However, the commercial development of Kai Tak has been relatively slow compared to the 17 residential sites already sold in the area. Since the airport was relocated, the government has only sold two commercial sites, the site at Area 1F Site 2 awarded to Nan Fung as well as the site at Area 1E Site 2 sold to Lifestyle International. Both sites are set to provide over 2 million sq ft (186,000 sq m) of new office space. Commercial development in Kai Tak is set to accelerate in 2019/20, with the city’s office land supply focusing on five commercial/hotel sites comprising a total GFA of 5.5 million sq ft (513,900 sq m) scheduled to be sold. The completion of these sites within the coming decade and the strong supply coming from the Kai Tak area, should help Kowloon East surpass Central/Admiralty as Hong Kong’s largest Grade A office market.

Apart from the massive office supply, the area will be the new location for several government offices; given the redevelopment of the government office compounds in Wan Chai North for commercial and exhibition use, the Inland Revenue Tower will be relocated to Kai Tak north by mid-2022, adjoining the Trade and Industry Tower and the Community Hall which opened in 2015. The area will also feature 10.6 million sq ft (981,800 sq m) of open space, as well as the Kai Tak Sports Park.

Kai Tak Sports Park project site

A new focus on sport

The Kai Tak Sports Park, occupying 3 million sq ft (280,000 sq m) of land, will become the largest sports venue in Hong Kong upon completion. The complex will enjoy high accessibility through its connection with the upcoming Kai Tak MTR and Sung Wong Toi MTR Stations, as well as the harbourfront promenade. The Sports Park will be built with smart city initiatives including an intelligent building management system, wi-fi hot spots, an indoor positioning system, an intelligent car park management system, and mobile applications to facilitate precinct information, booking of facilities, and wayfinding.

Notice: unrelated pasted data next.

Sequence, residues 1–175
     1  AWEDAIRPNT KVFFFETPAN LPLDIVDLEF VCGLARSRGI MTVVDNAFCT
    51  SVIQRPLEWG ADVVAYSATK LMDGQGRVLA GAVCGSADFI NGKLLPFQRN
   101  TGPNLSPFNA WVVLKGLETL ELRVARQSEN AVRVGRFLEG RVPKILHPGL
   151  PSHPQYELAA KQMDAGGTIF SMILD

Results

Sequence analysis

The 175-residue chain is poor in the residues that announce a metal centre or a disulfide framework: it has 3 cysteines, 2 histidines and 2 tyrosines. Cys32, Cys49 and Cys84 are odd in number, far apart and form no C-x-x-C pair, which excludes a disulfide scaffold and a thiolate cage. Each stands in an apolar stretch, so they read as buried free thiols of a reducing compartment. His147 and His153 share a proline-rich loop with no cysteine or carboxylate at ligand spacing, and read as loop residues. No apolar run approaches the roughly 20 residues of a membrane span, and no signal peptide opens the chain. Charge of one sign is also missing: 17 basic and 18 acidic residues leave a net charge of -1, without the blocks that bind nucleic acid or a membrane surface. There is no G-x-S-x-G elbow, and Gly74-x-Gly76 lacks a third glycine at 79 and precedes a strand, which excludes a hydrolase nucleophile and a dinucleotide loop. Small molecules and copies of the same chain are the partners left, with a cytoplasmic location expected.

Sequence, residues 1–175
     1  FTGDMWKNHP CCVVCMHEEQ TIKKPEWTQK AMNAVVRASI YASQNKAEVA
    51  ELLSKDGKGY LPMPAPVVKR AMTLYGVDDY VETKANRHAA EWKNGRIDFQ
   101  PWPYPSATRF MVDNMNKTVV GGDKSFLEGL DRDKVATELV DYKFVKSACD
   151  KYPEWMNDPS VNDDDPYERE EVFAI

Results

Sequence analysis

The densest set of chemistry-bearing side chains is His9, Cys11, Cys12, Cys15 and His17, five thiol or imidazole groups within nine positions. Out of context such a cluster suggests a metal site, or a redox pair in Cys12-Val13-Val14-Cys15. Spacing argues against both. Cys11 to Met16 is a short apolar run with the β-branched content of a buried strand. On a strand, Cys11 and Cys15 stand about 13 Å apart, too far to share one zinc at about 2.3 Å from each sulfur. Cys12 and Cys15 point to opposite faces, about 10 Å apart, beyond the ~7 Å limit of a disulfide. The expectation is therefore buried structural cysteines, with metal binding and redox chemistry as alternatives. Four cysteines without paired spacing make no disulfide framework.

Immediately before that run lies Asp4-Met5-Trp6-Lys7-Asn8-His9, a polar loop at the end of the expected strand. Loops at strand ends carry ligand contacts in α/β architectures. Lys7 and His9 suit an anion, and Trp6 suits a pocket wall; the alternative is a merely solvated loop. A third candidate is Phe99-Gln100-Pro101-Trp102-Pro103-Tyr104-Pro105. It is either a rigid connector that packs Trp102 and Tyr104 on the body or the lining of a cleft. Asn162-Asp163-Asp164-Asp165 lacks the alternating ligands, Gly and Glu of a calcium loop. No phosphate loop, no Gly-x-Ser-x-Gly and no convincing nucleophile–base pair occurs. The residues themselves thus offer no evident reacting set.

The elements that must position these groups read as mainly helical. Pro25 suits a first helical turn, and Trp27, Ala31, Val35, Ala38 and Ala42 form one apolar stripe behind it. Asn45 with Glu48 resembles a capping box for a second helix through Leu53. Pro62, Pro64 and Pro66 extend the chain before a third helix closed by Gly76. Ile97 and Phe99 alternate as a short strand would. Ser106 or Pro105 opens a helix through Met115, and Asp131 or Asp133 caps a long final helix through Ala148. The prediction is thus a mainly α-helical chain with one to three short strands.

In additional to sports facilities, the Kai Tak Sports Park will also feature large open spaces, a health and wellness centre, retail shops, and food and beverage outlets for public enjoyment. About 850 parking spaces, which include vertical greening and electric vehicle charging facilities, will also be provided. Construction commenced in Q1 2019 by the developer – New World Development, and is scheduled for completion in 2023. New World will be responsible for operating the facilities for 20 years. The objective of all the facilities and amenities provided by the Sports Park, aside from city-green and wellness initiatives, is to become the catalyst for the Kai Tak development.

San Po Kong: The CBD2’s new backyard